"I'm a painter. That's what I do. I paint."  - Josh Kirby

Many people are familiar with Josh Kirby’s work without realising it. Yes he’s world renowned as the first Discworld cover artist, but long before his association with Sir Terry Pratchett, Kirby was an established science fiction and fantasy artist, highly regarded for his inventive and skillful work and his paintings have adorned some of the most popular film posters and books.

Born Ronald William Kirby in Liverpool’s Waterloo district, he studied at Liverpool City School of Art from 1943 until 1948. Settling in London in around 1951, he worked as an artist in film and commercial advertising. After an early commission by Liverpool City Council to paint their Mayor, Kirby decided against the staid life of portrait-painting which had become a possibility while in art school. 

His first published painting was produced in 1954 for the cover of Cee-Tee Man, a now largely forgotten science fiction novel by Dan Morgan. In 1956 he touched the beginning of the blockbuster James Bond phenomenon with a cover for the first Pan paperback edition of Ian Fleming's Moonraker. Kirby naturally progressed, coming to specialise in science fiction and fantasy.

His cover illustration career flourished into the 1970s when Kirby began freelancing for the film publicity agency FEREF, working with the likes of the designer Eddie Paul on a number of posters, lending his talent to depict the characters in Return of the Jedi. When the market for poster illustration dried up towards the middle of the 1980s, Kirby began what would prove to be a long relationship working on the book covers for author Sir Terry Pratchett’s Discworld series of novels. Kirby created over 400 cover paintings, including the literary works of Ian Fleming, Ray Bradbury, Isaac Asimov, Alfred Hitchcock, Jimmy Sangster, Richard Matheson, Jack Kerouac, Jules Verne, Edgar Rice Burroughs and H. G. Wells.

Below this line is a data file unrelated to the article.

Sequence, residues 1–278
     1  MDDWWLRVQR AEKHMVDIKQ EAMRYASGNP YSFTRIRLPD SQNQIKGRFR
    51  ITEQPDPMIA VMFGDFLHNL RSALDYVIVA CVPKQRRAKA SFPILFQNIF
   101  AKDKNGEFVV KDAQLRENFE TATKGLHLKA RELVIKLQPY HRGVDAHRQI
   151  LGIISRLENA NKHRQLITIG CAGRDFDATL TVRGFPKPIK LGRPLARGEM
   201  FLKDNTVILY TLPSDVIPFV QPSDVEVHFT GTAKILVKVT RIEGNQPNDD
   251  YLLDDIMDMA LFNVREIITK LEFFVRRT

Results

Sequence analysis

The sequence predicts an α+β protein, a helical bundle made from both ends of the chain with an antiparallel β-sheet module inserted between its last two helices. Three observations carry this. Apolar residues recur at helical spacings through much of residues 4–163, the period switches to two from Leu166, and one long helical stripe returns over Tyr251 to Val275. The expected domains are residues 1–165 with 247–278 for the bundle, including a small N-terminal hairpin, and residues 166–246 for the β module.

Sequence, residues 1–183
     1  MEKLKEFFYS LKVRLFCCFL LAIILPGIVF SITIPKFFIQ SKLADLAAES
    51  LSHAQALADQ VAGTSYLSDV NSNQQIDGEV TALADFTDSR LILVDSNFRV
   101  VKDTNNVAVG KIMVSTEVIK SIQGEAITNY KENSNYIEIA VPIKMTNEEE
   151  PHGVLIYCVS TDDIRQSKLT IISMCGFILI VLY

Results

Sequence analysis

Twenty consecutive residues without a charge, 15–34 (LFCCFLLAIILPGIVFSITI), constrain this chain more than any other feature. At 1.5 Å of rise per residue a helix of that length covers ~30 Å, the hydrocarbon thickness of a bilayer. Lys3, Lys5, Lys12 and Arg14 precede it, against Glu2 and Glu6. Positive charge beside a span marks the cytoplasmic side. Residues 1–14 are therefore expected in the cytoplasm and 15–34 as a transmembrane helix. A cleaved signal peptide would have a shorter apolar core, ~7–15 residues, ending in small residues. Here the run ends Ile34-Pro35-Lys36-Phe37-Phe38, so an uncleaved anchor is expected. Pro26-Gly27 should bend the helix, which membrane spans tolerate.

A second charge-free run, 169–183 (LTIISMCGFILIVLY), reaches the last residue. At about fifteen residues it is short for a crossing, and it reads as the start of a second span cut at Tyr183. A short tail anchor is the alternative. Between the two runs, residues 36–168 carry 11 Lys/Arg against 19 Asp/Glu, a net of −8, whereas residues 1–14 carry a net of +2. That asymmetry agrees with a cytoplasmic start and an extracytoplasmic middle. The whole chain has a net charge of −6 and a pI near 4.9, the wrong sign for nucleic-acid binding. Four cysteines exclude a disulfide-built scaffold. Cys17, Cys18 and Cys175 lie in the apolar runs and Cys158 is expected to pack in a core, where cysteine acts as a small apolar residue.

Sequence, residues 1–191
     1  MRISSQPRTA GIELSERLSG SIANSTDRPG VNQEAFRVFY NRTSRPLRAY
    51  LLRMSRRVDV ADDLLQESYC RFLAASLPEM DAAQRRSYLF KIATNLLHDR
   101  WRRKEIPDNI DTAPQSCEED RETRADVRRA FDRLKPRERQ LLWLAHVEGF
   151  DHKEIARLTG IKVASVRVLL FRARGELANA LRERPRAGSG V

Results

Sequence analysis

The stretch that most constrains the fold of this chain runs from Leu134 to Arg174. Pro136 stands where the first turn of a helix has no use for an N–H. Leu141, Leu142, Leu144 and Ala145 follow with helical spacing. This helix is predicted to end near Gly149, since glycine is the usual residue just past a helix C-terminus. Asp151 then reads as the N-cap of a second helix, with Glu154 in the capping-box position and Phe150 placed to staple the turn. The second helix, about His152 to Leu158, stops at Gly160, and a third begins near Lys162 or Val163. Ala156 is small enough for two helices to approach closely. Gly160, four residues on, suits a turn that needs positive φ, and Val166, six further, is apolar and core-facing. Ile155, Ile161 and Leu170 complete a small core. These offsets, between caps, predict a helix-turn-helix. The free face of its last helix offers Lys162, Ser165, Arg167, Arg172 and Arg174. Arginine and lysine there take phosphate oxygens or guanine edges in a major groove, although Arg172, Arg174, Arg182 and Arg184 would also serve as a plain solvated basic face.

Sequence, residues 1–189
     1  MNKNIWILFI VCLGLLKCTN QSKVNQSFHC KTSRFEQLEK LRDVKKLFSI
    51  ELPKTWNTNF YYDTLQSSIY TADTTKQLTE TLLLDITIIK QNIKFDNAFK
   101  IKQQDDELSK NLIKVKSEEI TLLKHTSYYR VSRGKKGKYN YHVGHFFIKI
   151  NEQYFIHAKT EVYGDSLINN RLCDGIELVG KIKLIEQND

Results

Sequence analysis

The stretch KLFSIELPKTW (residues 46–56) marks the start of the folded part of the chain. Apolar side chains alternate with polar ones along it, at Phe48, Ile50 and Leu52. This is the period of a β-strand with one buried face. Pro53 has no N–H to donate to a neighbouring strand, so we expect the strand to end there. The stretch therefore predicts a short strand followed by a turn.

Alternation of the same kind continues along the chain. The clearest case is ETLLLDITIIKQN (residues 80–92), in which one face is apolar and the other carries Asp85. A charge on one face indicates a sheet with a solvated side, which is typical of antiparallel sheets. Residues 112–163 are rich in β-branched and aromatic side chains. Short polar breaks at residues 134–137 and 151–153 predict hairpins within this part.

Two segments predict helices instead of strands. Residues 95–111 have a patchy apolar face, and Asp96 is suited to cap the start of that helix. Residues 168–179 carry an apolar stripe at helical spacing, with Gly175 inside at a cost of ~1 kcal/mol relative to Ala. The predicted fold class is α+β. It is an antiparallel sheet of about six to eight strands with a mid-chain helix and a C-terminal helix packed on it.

Kirby’s interest in historical art was palpable, and he acknowledged a debt to artists including Bosch, Bruegel and Brangwyn. But ultimately, Kirby developed a vision that was uniquely his own.

From 1965 until his death Kirby lived in an old Norfolk rectory, painting in a cramped pantry space no bigger than a cupboard. There he created much of his best known work. His heroes and heroines are archetypal fantasy figures; his scenes infused with ribald humour. Fantasy art is often associated with airbrushing but Kirby’s works were meticulously hand-painted, usually in gouaches or oils, over a period of four to eight weeks.